June 2nd, 2021
The Human Rights Commission of Pakistan (HRCP) has put out a detailed policy brief discussing a diverse set of issues faced by working journalists in Pakistan. The report is based on a series of focus group discussions with reporters, producers, and editors from the broadcast, print and digital media carried out by the organization in November last year.
“We carried out these discussions on six sites namely Lahore, Multan, Karachi, Quetta, Peshawar, and Islamabad. These focus groups included journalists from across the media spectrum,” explains Maheen Paracha, in charge of external communications at the HRCP.
The policy brief reaffirms that Pakistani journalists are operating in an environment of almost unprecedented censorship and that media workers who dare to speak out against the official state narrative are subjected to ‘punishment’ both officially and unofficially. All those who were interviewed for the purpose of this study expressed these sentiments across the board. One of thoe most clear indications of the threats that are faced by journalists is the fact that “138 journalists lost their lives in the line of duty between 1990 and 2020.”
According to the study, the current regime in particular and in general, the structure of the state, has and continues to use draconian legislations like the PECA law to target journalists’ right to free speech, highlighting the legal actions initiated by the FIA against the Islamabad based journalist Asad Ali Toor as a case study of how these legal processes are exploited to target journalists. For this reason, the organization demands that the PECA law be abolished and regulatory bodies like the PEMRA be freed from government interference and be allowed to operate autonomously as mandated by the law.
Another tool of censorship identified by the organization is the current advertisement regime and the rating system. According to the report, ‘anchors who criticize the role of the establishment in politics and the governance issues of the ruling government receive low ratings and are eventually dismissed from their jobs.’ Similarly, media owners are also accused of pressurizing their employees, either because of their own vested interests or because of external stakeholders. All of these factors combine to create an environment whereby individual journalists are forced to self-censor to protect their livelihoods.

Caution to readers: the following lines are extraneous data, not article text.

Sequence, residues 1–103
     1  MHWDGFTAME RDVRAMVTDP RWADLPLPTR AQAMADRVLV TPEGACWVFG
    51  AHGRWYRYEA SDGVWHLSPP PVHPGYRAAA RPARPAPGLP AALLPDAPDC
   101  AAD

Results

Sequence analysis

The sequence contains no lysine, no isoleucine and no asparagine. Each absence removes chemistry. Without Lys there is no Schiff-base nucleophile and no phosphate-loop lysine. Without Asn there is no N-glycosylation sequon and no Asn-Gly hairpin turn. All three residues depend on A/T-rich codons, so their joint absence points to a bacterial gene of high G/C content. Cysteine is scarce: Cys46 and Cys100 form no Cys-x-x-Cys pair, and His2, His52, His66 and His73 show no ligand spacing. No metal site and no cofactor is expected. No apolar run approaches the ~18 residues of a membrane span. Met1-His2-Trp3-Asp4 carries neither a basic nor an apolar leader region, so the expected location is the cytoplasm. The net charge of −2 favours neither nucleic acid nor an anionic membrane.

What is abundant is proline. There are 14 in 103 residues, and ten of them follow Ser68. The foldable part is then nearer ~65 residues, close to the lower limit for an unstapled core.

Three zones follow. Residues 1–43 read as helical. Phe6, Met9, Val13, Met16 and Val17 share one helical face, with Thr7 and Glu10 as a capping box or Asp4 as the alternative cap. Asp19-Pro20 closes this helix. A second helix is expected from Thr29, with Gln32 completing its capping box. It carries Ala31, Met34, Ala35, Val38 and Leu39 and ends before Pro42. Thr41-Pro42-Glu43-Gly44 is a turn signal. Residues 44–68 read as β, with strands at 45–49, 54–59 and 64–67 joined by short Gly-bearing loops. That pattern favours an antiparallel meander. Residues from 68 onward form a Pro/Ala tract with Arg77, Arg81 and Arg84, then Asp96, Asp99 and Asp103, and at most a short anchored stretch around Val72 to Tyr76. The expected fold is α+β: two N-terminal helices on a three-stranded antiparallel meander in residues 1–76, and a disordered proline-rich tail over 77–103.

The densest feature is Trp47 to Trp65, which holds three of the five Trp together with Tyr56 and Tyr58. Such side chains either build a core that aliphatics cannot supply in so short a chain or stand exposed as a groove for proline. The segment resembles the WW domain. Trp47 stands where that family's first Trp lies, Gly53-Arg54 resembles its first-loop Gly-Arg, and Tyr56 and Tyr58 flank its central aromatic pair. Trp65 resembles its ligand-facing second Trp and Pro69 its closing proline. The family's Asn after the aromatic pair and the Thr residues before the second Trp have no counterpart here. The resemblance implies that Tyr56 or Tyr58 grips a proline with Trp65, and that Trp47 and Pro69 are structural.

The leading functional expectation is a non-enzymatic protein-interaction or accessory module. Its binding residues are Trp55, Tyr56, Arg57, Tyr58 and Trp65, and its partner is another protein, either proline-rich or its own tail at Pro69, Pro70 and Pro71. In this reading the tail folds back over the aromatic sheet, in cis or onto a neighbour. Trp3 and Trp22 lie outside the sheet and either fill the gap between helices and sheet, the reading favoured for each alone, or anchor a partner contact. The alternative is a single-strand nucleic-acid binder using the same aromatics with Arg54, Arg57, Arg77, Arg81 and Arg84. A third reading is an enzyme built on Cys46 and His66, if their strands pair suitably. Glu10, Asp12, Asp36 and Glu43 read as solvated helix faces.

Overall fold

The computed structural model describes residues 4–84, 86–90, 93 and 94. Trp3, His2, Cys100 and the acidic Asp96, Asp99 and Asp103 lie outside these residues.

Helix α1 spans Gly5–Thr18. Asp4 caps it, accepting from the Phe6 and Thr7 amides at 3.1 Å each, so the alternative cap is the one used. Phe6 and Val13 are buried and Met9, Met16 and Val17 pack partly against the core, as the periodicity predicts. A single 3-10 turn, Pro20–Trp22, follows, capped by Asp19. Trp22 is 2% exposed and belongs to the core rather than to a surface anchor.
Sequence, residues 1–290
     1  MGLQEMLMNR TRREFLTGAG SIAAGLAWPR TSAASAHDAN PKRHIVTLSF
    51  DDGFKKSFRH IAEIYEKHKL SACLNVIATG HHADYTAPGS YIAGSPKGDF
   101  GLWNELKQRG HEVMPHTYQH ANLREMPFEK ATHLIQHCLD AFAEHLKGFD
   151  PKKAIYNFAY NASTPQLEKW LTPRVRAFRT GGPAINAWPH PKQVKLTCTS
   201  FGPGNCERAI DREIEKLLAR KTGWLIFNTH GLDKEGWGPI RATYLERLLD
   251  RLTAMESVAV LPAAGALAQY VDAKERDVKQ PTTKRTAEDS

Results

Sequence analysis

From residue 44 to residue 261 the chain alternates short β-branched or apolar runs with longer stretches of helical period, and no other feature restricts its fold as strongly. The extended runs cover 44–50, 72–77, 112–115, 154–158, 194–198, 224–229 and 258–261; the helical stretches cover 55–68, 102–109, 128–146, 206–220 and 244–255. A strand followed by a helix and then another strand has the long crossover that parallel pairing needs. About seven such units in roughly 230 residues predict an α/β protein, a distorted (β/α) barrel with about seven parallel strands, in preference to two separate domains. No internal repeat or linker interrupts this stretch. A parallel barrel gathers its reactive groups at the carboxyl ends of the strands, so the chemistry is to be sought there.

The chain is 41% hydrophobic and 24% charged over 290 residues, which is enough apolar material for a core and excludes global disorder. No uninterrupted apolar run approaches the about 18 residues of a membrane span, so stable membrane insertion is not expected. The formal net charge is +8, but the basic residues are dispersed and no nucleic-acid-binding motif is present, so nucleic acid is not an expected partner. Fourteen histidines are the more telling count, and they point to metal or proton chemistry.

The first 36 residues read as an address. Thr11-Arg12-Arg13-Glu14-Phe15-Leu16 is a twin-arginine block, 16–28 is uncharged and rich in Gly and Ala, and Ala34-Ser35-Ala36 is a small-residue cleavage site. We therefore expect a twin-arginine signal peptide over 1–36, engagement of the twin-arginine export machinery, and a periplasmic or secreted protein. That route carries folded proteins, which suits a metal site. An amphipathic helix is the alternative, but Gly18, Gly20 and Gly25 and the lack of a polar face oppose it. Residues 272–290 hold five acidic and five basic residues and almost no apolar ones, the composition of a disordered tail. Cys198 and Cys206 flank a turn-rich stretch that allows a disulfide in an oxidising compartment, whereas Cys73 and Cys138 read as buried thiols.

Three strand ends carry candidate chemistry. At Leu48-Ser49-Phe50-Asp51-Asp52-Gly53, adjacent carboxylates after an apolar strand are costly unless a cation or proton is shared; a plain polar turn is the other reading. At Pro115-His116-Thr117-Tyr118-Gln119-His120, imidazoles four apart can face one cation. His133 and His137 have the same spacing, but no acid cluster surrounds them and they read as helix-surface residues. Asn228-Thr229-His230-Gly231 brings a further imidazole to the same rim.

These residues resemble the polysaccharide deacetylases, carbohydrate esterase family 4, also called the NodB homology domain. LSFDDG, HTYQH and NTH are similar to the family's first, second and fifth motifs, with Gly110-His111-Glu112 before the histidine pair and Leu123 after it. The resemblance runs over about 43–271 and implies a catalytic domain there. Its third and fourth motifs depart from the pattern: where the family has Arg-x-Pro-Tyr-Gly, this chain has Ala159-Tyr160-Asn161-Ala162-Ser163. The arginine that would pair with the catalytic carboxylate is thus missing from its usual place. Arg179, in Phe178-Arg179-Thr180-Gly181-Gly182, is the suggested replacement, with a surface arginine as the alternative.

The report highlights the case of ‘Irshad Mastoi, bureau chief of Online News and secretary of the Balochistan Union of Journalists who was killed along with reporter Abdur Rasool and accountant Mohammad Yunis in Quetta in August 2014 when an armed person barged into their office and fired at them in a savage frenzy, killing the three men on the spot,’ to assert the immense barriers to free speech faced by journalists operating in conflict-hit areas of Khyber Pakhtunkhwa and Balochistan. Demanding that the authorities ensure that violent crimes against journalists are properly investigated and prosecuted to end the environment of impunity for people who carry out such attacks.
Many participants of the study claimed that ‘The fear of redundancy compels many journalists to work on drastically shrunk salary packages—in cases, up to 40 percent cuts—or accept sporadic delays in salaries, which can be up to three months,’ pointing towards job insecurity and ridiculously low pay grades as another reason behind the self-censorship exercised by the media workers.
The report also challenges the complete lack of representation of women and other religious and ethnic minorities in the media workforce as one of the major reasons behind the biases exercised by the Pakistani media.
Though the report is majorly based on the external factors pushing the Pakistani media to the brink of collapse, a conversation with the researchers who carried out the discussions reveals that several internal factors also work to weaken the media workers’ community at large. According to Maheen Paracha during the interviews, many media workers were grossly dissatisfied with the role media unions and associations are playing in this regard. “The reporters who attended our FGD in Lahore and Islamabad (especially those working for digital media) said that their concerns were not always taken up by journalists’ unions. The unions themselves are fragmented. There is no one collective body.”